Monday, September 8, 2003

Veterans of spy missions reunite



The Associated Press

DAYTON, Ohio - A group of Air Force veterans who flew spy missions during the Vietnam and Cold War eras reminisced over the weekend about intercepting radio signals and getting caught in enemy air space.

Butch Moore, 66, of Southside, Ala., and his crew were flying over the Barents Sea north of Russia when they found themselves in a Soviet air force exercise.

"They were shooting missiles at drones," Moore said. "I was thinking at the time what a perfect opportunity to shoot us down and it would just seem like an accident."

More than 100 former crew members of Air Force reconnaissance missions attended the annual Prop Wash Gang reunion, held this year in Dayton in southwest Ohio as part of the city's celebration of the 100th anniversary of the first powered flight.

Darwin Bruce, 65, of Columbus, said he flew "low and slow" in a World War II-vintage C47 during his year in Vietnam.

"We got shot up at least five times I know of, but nobody was hurt," he said.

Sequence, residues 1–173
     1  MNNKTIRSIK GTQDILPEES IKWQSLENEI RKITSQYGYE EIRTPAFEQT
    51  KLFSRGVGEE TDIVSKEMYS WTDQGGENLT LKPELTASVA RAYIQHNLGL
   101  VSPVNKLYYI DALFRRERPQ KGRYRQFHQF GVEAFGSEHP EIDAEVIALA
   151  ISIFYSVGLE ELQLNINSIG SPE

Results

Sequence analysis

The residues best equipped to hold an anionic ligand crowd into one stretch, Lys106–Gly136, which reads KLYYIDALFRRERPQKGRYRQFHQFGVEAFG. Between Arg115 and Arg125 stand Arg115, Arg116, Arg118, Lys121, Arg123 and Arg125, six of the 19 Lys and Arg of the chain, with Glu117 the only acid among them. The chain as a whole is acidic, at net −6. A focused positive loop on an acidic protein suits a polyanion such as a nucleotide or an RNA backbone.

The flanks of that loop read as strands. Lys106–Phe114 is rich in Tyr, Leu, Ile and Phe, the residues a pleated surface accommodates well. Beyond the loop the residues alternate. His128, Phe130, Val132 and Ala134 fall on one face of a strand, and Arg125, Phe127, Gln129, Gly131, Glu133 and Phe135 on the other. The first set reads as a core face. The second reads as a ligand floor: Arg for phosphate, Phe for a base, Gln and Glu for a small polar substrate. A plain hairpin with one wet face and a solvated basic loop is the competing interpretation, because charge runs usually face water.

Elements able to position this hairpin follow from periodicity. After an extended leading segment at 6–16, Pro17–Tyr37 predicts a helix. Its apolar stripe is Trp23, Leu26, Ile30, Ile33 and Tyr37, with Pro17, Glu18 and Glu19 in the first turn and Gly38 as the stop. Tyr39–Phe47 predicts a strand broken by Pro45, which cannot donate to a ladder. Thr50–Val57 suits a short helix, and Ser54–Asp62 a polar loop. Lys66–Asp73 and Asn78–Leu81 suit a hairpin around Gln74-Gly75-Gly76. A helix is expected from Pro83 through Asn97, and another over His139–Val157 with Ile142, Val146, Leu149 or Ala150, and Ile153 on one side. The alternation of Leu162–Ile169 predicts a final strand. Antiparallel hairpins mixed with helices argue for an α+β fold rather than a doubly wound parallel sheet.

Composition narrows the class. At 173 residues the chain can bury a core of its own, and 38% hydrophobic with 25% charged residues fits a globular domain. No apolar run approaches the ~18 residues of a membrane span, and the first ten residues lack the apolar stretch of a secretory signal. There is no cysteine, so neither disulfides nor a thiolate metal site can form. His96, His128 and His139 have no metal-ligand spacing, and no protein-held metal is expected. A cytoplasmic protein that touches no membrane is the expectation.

At the height of the Cold War in 1959, Air Force Reconnaissance Flight 60528 drifted by accident into Armenian airspace. Four Soviet jet fighter pilots took turns firing on the C130 propeller plane until it crashed, killing its crew of 17.

The victims' families were told they were lost on a "training mission." Larry Tart, a former member of the same squadron, eventually succeeded in getting the government to disclose the truth in 1997 and honor the C130 crew.

Tart went on to found the Prop Wash Gang so reconnaissance veterans could meet to renew ties and trade stories about their experiences flying the spy missions.

Wives also share stories of their struggles while their husbands were away on secret missions.

Mavis Moore said her husband, Butch, told her "not to ever ask about anything he did, and that he couldn't tell me anyway. He said his job came first and his family second."

Butch Moore was away on duty when the couple's 4-year-old son, Michael, drowned.

Mrs. Moore said members of her husband's squadron supported her throughout the ordeal.

"They were there for me all the time until Butch came back," she said. "You just can't put into words how you feel toward these people. That's why these reunions are so important to us."




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